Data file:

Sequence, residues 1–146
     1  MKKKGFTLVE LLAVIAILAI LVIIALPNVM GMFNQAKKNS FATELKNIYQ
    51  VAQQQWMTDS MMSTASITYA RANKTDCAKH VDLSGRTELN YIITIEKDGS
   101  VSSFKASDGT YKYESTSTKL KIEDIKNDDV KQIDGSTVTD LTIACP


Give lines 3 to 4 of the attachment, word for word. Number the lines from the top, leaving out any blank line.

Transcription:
    51  VAQQQWMTDS MMSTASITYA RANKTDCAKH VDLSGRTELN YIITIEKDGS
   101  VSSFKASDGT YKYESTSTKL KIEDIKNDDV KQIDGSTVTD LTIACP